Hals 2013 J Diabetes Res
|Hals IK, Rokstad AM, Strand BL, Oberholzer J, Grill V (2013) Alginate microencapsulation of human islets does not increase susceptibility to acute hypoxia. J Diabetes Res 2013:374925.|
Abstract: Islet transplantation in diabetes is hampered by the need of life-long immunosuppression. Encapsulation provides partial immunoprotection but could possibly limit oxygen supply, a factor that may enhance hypoxia-induced beta cell death in the early post-transplantation period. Here we tested susceptibility of alginate microencapsulated human islets to experimental hypoxia (0.1-0.3 % O2 for 8 h, followed by re-oxygenation) on viability and functional parameters. Hypoxia reduced viability as measured by MTT by 33.8 ± 3.5 % in encapsulated and 42.9 ± 5.2 % in non-encapsulated islets (p < 0.2). Non-encapsulated islets released 37.7% (median) more HMGB1 compared to encapsulated islets after hypoxic culture conditions (p < 0.001). Glucose-induced insulin release was marginally affected by hypoxia. Basal oxygen consumption was equally reduced in encapsulated and non-encapsulated islets, by 22.0 ± 6.1 % vs. 24.8 ± 5.7 %. Among 27 tested cytokines/chemokines, hypoxia increased the secretion of IL-6 and IL-8/CXCL8 in both groups of islets whereas an increase of MCP-1/CCL2 was seen only with non-encapsulated islets. Conclusion: alginate microencapsulation of human islets does not increase susceptibility to acute hypoxia. This is a positive finding in relation to potential use of encapsulation for islet transplantation.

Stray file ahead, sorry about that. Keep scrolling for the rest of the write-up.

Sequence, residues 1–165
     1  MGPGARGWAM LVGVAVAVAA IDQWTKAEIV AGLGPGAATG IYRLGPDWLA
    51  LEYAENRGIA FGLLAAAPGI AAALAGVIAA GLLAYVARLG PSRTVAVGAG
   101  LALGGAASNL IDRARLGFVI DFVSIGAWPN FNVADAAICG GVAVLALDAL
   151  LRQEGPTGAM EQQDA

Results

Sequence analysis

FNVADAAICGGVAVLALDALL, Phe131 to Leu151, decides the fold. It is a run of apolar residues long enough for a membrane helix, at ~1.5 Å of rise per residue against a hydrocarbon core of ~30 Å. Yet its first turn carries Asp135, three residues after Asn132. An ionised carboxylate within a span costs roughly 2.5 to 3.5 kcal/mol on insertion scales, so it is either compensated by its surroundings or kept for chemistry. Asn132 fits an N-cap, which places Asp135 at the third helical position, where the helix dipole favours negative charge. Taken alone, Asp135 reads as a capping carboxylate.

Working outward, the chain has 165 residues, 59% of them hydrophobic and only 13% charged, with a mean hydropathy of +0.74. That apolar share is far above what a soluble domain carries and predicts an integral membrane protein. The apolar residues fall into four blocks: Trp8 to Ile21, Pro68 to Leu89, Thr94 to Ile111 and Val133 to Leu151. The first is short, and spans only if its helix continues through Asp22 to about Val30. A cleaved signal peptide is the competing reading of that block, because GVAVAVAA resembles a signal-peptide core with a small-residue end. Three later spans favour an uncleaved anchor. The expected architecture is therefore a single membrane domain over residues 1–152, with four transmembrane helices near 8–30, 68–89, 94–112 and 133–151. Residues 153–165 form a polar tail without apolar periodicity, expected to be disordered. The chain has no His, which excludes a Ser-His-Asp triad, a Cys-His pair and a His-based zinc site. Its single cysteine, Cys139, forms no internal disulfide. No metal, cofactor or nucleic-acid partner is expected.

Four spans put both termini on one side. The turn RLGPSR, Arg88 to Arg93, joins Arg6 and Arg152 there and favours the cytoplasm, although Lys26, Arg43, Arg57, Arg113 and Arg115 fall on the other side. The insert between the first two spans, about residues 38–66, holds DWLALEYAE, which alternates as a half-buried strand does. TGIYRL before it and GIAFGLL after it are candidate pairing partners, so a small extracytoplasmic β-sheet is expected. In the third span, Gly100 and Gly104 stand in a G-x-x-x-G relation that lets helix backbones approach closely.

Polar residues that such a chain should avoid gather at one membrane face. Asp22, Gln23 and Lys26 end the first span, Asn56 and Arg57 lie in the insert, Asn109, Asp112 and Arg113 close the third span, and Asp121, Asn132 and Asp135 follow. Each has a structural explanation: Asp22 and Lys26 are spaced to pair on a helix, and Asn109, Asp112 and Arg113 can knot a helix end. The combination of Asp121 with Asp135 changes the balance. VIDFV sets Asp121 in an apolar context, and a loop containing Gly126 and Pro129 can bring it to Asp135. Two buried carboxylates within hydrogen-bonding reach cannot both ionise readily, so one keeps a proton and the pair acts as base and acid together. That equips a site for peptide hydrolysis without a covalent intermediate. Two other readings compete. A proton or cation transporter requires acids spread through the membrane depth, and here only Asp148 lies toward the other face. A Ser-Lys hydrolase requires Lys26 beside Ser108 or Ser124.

• Keywords: Human islets, Microencapsulation, Hypoxia, Viability, Oxygen consumption, Insulin release, Cytokine/chemokine secretion
• O2k-Network Lab: NO Trondheim Grill V
Labels: MiParea: Respiration, mt-Medicine
Stress:Ischemia-reperfusion Organism: Human Tissue;cell: Islet cell;pancreas;thymus Preparation: Intact cells
Coupling state: ROUTINE, ET Pathway: N, ROX HRR: Oxygraph-2k